Let’s say you or your plumber are about to install the pump, but accidentally drop it. Upon examination, everything looks okay - no dents and no parts fell out. However, the working parts inside the pump that you can’t see might have been affected. For the most part, sump pumps are highly durable, but there are opportunities for accidental damage so be extra cautious when handling the system during installation.

21. No Overflow Outlet 

An overflow outlet keeps water from flowing back into your basin in the event that your discharge pipe becomes clogged, crushed, or frozen. An overflow outlet is typically installed at the base of the home and allows water being pumped from the basin to still expel out of the basement and preventing a flood. If you don’t have an overflow outlet installed and your discharge line becomes blocked, your basement will flood. 

22. No Type of Pump Health Monitoring 

The sad reality is that most people only replace their sump pump if it fails. In other words, sump pumps are treated like lightbulbs. That’s okay for a lightbulb because a burnt out lightbulb can’t cause thousands of dollars in damage. 

A quick and shameless plug: The DriBot Home Flood Prevention Appliance is the only sump pump system on the market that provides pump health monitoring. Using custom algorithms that take into account things like the pump manufacturer specs, GPM, inflow, outflow, and more, DriBot is able to more accurately predict the life expectancy of your pump and notifies you when it is time to replace. It does this before the pump fails, saving you thousands of dollars in damage.

23. Cheap Pump 

The cheapest pump on the market may feel like a good decision to your wallet now, but you may realize it wasn’t a good decision for your wallet later when it fails. Just because you can get an $11 submersible sump pump online doesn’t mean you should. One of the best sources for comparing sump pump systems is Sump Pumps Direct. A sump pump can range from $75 to $3000 depending on type, materials, and what features are included. It is important to understand the needs of your home and the level of protection you value. It ultimately comes down to how much risk you want to take. If you want little to no risk of home flooding, you should be willing to pay more for a sump pump system ($3000 now to prevent $25,000 later is probably worth it).

24. Poorly Designed Pump 

Sometimes the problem with your sump pump could be as simple as its design. If cheap materials were used or it was not properly assembled and inspected for quality, you may not have a pump that will perform well. A cheap pump can sometimes be an indicator of poor design or company that cuts corners. Always check reviews for the pump company and model of pump you are planning to purchase (if available), before investing in a pump.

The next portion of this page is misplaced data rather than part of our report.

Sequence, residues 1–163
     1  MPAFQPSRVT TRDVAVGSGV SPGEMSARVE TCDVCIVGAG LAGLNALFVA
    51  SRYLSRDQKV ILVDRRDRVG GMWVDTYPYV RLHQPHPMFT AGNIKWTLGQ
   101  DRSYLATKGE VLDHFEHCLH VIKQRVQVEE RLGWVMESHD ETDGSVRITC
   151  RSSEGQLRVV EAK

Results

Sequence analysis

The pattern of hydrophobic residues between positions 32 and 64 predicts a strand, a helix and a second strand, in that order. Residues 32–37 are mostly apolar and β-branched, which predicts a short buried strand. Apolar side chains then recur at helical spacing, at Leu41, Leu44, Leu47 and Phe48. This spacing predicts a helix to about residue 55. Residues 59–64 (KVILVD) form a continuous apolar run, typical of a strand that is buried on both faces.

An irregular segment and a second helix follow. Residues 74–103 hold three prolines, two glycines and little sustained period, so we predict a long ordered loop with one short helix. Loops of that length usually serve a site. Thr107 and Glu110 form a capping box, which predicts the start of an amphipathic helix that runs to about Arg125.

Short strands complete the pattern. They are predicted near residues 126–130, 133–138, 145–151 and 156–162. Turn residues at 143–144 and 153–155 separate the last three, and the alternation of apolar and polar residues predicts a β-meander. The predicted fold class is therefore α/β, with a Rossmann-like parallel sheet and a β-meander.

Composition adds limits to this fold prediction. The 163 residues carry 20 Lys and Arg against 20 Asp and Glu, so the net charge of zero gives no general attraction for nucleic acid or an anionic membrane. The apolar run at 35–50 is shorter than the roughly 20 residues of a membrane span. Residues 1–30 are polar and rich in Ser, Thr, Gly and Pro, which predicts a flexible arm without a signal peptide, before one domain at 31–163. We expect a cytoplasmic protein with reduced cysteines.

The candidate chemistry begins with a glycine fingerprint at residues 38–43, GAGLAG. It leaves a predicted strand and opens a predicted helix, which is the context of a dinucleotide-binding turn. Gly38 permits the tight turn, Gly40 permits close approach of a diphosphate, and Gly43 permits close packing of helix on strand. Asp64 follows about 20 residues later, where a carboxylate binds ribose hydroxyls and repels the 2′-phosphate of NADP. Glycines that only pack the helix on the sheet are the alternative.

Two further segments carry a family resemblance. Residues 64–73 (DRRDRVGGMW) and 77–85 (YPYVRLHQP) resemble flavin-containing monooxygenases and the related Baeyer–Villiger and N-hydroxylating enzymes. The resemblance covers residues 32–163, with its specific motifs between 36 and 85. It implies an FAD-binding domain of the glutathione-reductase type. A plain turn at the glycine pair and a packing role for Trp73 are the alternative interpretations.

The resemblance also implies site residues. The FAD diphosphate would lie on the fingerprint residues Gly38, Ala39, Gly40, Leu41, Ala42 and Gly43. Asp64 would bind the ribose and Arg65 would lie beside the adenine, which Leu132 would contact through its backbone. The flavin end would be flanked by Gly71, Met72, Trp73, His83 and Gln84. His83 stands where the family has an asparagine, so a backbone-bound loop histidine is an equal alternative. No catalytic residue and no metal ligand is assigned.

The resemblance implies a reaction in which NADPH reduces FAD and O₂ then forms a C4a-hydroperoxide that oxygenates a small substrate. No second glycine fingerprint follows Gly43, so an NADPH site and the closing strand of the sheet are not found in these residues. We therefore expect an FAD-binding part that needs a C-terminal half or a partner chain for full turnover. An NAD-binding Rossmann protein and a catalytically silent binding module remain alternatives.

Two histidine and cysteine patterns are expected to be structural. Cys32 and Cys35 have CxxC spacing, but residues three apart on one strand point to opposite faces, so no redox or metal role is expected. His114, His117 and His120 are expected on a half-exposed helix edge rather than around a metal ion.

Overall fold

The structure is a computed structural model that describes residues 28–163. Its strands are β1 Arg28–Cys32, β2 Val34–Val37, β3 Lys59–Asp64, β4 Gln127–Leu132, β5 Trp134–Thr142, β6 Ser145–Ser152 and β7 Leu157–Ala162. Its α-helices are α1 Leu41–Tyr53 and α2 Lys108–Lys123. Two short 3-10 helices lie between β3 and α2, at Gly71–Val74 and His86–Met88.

25. Home Needs a Second Sump Pit 

If you live in an area that is particularly prone to flooding, you may need more than one sump pit. While this is not always the case, it can be a good idea for some homes to have two separate pits that can hold the large amount of water coming in. Alternatively, a larger sump pit basin may be used. 

26. Pump is Not Properly Linked to Drainage System 

If installed correctly, the drainage system should collect water and then divert it to the sump pit at an incline, allowing gravity to pull it into the basin. If there is a problem with the drainage system or the drainage system is non-existent, there will be no way to prevent your basement from flooding. 

27. Clogged Sump Pump Inlet 

If you notice your sump pump is not pumping as much water out of your basin as it should, it is possible that the pump is clogged. Because the water it is pumping often contains dirt and debris, this can collect and cause your sump pump inlet to clog. Many sump pump inlets have what looks like a strainer to try and keep as much of the large pieces of debris from being sucked up into the pump. 

28. Sump Pump Won’t Turn Off 

If you have a sump pump that is constantly running, its lifespan could be dramatically reduced. There could be several reasons for it being in the ON position. It could be that your float switch is stuck in the “ON” position or the check valve is not working, causing the pump to be pumping the same water out over and over again. Regardless, if your sump pump won’t turn off, you shouldn’t ignore it. It could easily get burnt out, causing it to fail when you actually need it. 

29. Improper Sized Sump Pit Basin Installed

Sump pit basins come in several sizes. If your home is in an area that experiences lots of flooding, it is a good idea to install a basin that is wider and/or deeper so that it can hold more water. In some cases, it might even be a good idea to install two sump pits.

30. Not Regularly Cleaning / Clearing Your Pit